This article about a recent tendency to blame autism/Asperger’s for violence blindsided me a bit.

Two people who seem to have allegedly been responsible for mass murders — at Sandy Hook Elementary School and now the University of California, Santa Barbara, have a history of having been diagnosed as having Asperger’s syndrome.

I totally missed what the author of this piece describes as a slow change in the reporting of the crime and reactions to it after the fact as slipping toward blaming the act on autism.

This is wrong in a plethora of ways.  We can’t marginalize the mentally ill just because all too few in the general public understand what is going on, and we have minimized care for them because it seems expensive.

The mentally ill are not monsters. They are people who go through their days with open wounds for which we, all too often, have no real healing, soothing balm.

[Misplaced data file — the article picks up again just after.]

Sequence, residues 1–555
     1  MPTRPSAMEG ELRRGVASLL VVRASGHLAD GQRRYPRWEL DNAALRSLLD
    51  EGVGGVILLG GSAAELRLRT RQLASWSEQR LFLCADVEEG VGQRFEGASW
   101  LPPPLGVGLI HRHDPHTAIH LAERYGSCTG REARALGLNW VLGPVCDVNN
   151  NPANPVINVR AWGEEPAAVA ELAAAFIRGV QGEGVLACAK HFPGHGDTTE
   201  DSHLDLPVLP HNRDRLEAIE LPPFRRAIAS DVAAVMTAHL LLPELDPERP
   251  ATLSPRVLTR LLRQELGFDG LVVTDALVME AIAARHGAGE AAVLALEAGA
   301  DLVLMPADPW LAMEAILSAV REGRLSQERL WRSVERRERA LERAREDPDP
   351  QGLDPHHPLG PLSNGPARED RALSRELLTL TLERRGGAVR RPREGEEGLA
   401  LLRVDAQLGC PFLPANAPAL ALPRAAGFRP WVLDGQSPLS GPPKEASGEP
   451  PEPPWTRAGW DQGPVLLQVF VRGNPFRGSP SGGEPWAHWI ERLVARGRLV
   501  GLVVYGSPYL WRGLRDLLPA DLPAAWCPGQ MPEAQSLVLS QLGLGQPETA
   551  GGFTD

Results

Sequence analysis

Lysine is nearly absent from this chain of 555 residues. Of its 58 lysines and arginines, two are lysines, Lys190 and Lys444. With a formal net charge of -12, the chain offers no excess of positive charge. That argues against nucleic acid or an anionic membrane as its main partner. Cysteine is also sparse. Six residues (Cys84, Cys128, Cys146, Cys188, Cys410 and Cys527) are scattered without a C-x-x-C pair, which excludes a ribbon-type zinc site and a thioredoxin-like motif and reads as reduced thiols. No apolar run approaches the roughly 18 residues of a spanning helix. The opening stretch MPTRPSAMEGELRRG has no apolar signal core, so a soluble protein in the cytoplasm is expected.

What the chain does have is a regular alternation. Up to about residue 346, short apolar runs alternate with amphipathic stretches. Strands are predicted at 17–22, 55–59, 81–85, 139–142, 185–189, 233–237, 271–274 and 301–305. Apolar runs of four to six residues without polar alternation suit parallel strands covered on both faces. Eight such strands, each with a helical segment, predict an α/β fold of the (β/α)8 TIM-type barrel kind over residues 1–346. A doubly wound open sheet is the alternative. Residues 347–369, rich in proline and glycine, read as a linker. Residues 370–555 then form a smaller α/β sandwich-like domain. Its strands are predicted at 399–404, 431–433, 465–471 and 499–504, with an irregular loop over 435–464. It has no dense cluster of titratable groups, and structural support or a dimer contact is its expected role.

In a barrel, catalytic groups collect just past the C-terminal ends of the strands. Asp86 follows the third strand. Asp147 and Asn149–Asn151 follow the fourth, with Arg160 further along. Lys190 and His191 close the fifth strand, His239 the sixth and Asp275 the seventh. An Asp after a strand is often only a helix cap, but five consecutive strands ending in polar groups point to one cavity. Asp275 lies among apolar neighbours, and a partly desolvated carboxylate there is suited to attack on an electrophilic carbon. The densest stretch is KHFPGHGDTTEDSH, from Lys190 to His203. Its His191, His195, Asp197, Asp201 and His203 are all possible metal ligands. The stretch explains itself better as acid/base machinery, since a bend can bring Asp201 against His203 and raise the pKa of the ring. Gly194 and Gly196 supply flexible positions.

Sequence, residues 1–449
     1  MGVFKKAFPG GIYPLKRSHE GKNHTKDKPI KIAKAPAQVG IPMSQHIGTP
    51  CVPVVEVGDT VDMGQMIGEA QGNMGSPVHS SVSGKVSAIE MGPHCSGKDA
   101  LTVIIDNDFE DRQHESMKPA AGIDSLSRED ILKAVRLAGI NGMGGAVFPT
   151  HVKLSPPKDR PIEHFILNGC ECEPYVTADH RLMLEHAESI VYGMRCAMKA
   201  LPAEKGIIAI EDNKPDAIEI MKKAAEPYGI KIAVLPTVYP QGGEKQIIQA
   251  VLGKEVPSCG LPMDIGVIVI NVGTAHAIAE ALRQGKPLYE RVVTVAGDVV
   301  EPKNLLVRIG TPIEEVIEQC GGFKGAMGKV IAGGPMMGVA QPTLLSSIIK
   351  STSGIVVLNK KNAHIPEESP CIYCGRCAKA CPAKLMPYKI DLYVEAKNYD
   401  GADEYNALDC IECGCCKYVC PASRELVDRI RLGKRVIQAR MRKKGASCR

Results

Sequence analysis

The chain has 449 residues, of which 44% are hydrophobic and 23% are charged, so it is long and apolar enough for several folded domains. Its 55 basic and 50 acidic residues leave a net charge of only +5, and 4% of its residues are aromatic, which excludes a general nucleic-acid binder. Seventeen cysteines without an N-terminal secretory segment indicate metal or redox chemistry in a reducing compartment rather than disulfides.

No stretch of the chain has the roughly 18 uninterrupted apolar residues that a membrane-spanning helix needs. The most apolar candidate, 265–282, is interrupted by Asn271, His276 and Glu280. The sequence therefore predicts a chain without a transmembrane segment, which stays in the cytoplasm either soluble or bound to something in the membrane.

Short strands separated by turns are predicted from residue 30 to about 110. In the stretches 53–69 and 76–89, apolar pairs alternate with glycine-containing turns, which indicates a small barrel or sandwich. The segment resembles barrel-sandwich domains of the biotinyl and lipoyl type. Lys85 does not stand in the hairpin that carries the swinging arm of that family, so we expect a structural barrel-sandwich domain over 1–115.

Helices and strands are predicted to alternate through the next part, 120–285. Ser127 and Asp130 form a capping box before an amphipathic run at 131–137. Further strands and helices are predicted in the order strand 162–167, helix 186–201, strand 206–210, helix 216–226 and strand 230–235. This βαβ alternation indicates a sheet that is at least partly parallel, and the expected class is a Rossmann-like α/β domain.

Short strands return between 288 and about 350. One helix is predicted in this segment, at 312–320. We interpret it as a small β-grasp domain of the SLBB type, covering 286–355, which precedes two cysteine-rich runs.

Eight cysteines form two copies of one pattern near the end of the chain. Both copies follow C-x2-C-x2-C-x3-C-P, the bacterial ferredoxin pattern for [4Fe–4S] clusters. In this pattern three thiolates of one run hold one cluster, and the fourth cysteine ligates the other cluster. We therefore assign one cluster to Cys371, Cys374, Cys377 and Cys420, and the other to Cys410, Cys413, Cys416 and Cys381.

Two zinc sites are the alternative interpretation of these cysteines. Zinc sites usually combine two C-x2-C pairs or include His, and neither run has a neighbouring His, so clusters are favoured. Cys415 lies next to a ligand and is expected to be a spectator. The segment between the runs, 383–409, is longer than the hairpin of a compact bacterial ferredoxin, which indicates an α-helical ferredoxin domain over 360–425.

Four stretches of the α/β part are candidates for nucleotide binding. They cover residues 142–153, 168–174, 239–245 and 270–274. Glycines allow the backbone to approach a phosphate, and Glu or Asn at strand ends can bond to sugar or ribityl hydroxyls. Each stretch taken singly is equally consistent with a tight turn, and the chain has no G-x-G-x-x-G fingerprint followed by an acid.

What I need to do is avoid the kind of argument that my patients (and my readers) often make in response to what I say.  Making inferences from single (or in this case, double) personal experiences is dangerous at best.

This is simply not Scientific. In a world where observations and inferences simply need to be described by statistics, maybe even inferences of possible mechanisms of causality, based on the experiences of many patients, evaluated as precisely as possible.

I can say as a fact that I have seen and cared for more patients with Asperger’s Syndrome than I can count.  I can also say that none of them have been violent by history prior to visiting with me, and that I had no reason to fear violence from them either.

I am driven to get back to basics and to figure out what is going on here.